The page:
Ulaby says he talked to administrators about his concerns before he went public but was politely rebuffed. Once his letter went online, though, it quickly became clear that anger about the changes ran broad and deep.

Disaffected faculty protested that hardworking employees were being treated shabbily, pointing out that most of those affected are females, middle-aged and older. "They are the most vulnerable part of the labor market," says Gaggio. Although U-M eventually promised that all of Accenture's "candidates" would get new positions, it held open the prospect of future pay cuts.

That faculty members responded so quickly also reflects a growing mistrust of the university administration, uneasiness about the decline of their own influence, and a sense that the university is drifting from its educational mission. Many feel the decision to remove their staff was made without their involvement and shrouded in mystery. While faculty received emails about the project from time to time, Ulaby and others describe them as "vague," the language bureaucratic and confusing.

The U-M's Fitzgerald points to the AST website, which, he says, lists dozens of U-M employees working on various aspects of the project. But many faculty share Gaggio's concern about the "corporatization" of the university. Art prof Sherri Smith was amazed that Accenture assumed that one department's needs are the same as another's. "It's foolish of this firm to think every unit does things the same way, because we don't."


The administration was caught off guard by the scale of the opposition. Provost Martha Pollack quickly backtracked, promising that implementation would be delayed to gather more faculty input. Then, after weeks of silence, Coleman--who's retiring this year--released a statement that strongly affirmed her commitment to the program.

"The question for me is not whether the university will mount a shared services program," she wrote, "but how to do it in a way that best meets the needs of the Michigan community." But not only was the project delayed for reevaluation--Miranda, the focus of so much mistrust, was replaced. (Showing more sensitivity than Accenture, the university insisted that his expertise was needed elsewhere.)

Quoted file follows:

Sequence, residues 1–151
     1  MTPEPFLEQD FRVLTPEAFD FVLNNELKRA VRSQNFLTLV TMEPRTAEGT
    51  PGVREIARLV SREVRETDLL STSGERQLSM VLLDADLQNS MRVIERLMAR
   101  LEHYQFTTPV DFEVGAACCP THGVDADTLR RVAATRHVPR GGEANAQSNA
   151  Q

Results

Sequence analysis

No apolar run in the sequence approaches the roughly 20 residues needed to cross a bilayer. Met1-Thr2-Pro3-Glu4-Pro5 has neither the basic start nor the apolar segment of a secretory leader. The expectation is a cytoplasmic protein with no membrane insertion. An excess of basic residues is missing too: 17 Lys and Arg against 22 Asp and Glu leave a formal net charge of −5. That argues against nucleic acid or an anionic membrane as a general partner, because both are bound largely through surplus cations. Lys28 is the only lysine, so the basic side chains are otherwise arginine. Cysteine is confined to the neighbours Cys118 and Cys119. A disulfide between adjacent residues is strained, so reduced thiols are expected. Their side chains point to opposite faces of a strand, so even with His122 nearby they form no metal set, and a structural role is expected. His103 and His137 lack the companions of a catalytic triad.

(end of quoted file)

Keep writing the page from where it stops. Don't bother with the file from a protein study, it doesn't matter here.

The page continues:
"Better late than never," Gaggio says of Coleman's response--but he is "dismayed to see AST as fundamentally upheld both in principle and in its basic structure." Miranda's replacement, he emails, is "an implicit admittance by the University of the problematic relationship he had with Accenture and of the unpalatable values he brought to academic life."

AST is now headed by Thom Madden, another administrator from a business background. Ulaby says he doesn't know him and so can't comment on the choice, but does say, "I would have wished for someone who now works or has worked in an academic unit and understands the demands of teaching and research and the associated dynamics between the faculty and the staff on a daily basis.

As for the promised reevaluation, Ulaby emails, he welcomes it--"so long as it leads to a genuine replacement of the current formulation of the AST project into a school/college or department-level configuration that does not reduce the effectiveness and productivity of the faculty."

And though he's pleased that the uprising has forced the administration to stop and think, he's not trying to rub it in.

"If, to save face, they retain the name AST," he says, "that would be fine by me."     (end of article)

[Originally published in January, 2014.]